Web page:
Jeez. I figured that the opening of the Olympic Games meant I could sneak in a week of intermittent posting, and instead war breaks out in Europe. Obviously, with resident Russia specialist Richard Weitz around, I assumed WPR readers would be well informed, and I wasn’t wrong. Setting aside the actual issues at dispute in the Russian-Georgian conflict, when I saw the first reports of the fighting, I couldn’t help but think that Georgian President Mikheil Saakashivili had done the Russians an enormous favor in provoking an armed conflict, and this paragraph from Richard’s piece explains why:
By punishing Georgia militarily, Moscow presumably also [sought] to make clear to Tbilisi and its allies the extent of Russia’s military revival. Although Russian defense spending has increased in recent years, analysts remained uncertain about the extent to which the Russian military had experienced genuine improvements in its operational capability given its poor performance in Chechnya, morale problems, and lack of actual combat experience. Russian leaders have now demonstrated that Moscow has both the capacity and the will to use the country’s armed forces to advance Russia’s security goals.
As Richard goes on to point out, “. . .no NATO government is prepared to engage in a war with Russia on Tbilisi’s behalf.” That point was already driven home by last April’s NATO Summit, but apparently no one in Tbilisi got the message. So the Georgian military intervention, which depended on NATO and European military solidarity in the event of a Russian riposte, amounted to Saakashivili’s mouth writing checks that his ass couldn’t cash. Moscow, which by all indications was paying attention to the Bucharest NATO summit, jumped on the opportunity to demonstrate that it’s willing to push things to the brink.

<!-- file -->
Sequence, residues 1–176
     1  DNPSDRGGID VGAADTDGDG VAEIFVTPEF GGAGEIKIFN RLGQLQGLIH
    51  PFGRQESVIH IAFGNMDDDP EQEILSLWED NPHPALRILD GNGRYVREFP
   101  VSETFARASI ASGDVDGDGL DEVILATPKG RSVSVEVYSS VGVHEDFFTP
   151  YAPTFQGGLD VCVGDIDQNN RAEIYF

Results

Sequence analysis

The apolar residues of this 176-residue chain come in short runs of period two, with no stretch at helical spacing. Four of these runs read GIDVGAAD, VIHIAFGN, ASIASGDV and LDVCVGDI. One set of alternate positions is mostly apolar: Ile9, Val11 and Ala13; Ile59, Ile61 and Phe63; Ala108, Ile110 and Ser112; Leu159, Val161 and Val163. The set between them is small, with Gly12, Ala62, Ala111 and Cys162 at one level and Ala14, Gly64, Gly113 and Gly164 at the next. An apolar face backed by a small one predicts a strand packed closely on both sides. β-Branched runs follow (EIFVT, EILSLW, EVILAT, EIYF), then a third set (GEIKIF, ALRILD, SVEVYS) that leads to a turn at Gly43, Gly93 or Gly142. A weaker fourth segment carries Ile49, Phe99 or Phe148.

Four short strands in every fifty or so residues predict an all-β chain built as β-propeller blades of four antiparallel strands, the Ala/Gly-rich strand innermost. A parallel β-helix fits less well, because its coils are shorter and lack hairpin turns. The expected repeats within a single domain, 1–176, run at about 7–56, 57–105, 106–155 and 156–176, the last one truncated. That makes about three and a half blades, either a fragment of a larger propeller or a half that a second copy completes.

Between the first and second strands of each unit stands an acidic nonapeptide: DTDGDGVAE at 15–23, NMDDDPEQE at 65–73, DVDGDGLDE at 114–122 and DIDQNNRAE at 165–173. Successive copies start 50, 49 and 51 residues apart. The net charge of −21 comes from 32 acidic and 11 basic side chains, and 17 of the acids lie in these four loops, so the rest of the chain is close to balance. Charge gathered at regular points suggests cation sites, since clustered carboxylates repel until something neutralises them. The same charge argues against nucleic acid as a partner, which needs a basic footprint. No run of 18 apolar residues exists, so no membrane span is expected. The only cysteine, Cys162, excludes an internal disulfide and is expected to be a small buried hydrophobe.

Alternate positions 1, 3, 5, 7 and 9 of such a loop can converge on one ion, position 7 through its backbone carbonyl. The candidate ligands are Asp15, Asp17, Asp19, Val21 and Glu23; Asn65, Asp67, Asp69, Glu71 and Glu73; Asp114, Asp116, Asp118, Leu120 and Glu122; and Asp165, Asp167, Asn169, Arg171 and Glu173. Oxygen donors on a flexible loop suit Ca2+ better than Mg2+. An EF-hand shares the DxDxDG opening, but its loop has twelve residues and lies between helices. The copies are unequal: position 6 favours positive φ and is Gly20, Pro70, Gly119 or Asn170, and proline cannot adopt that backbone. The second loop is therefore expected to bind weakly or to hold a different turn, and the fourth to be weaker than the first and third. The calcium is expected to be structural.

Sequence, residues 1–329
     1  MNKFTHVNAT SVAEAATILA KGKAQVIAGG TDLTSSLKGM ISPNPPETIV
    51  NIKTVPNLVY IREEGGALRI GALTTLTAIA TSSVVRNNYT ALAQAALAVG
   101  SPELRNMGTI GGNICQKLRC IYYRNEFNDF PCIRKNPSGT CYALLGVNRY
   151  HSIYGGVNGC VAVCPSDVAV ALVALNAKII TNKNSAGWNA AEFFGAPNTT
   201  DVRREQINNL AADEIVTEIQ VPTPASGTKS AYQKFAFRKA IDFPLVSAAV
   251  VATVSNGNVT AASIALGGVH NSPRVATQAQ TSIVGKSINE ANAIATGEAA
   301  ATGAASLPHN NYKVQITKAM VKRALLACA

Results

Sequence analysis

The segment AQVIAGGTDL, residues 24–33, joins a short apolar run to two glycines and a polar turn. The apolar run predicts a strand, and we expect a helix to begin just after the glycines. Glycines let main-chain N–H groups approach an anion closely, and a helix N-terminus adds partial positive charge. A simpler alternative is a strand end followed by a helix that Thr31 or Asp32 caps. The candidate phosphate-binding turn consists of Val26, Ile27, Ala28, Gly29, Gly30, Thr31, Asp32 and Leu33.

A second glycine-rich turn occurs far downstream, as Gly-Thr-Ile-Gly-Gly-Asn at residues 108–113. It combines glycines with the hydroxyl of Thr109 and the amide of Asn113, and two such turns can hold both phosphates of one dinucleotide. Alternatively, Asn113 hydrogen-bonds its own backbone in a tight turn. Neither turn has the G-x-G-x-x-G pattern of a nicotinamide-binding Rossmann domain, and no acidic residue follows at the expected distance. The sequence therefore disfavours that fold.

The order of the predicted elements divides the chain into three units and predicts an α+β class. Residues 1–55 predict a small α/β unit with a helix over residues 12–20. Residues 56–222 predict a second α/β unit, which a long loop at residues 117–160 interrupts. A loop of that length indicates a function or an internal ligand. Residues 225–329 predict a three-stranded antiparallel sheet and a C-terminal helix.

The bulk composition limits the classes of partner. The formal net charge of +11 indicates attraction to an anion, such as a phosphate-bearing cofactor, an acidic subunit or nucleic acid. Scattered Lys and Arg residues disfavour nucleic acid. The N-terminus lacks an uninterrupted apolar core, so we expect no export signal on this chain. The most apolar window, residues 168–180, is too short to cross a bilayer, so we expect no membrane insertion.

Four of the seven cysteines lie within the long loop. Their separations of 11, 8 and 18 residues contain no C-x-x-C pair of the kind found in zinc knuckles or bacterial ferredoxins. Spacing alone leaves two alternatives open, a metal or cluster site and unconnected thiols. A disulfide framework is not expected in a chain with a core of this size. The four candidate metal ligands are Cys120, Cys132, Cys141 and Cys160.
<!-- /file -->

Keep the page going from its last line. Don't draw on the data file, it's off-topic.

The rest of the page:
It’s a pretty safe brink as precipices go from Moscow’s point of view, but it serves to illustrate the alarming shortsightedness of using NATO to lock Russia in to its humiliating 1990’s impotence. The Russians have been signalling very strongly, and for a while now, that the 90’s are over and that they expect to be taken seriously again. For the most part, that’s been most pronounced in their historic sphere of influence, although they’ve demonstrated the willingness to play a spoiler role elsewhere (ie. Iran) as a way of leveraging American interests against their own. References to a new Cold War, though, are misguided in that Moscow is not proposing an alternate global order in opposition to the West, but rather to assume what it considers its rightful place in the existing order.
While it’s true that Russia’s historic sphere of influence has in the meantime turned its hopes westward, the hard facts on the ground come down to interests and power. Russia has demonstrated it’s willingness and ability to back up the former with the latter in Georgia. I’m sure that we’d do the same if it were a question of Russian strategic bombers based in Cuba. But the events of the past week have demonstrated just how far away Tbilisi is compared to Havana, and that’s something that should be considered in formulating a post-Ossetian Russia policy.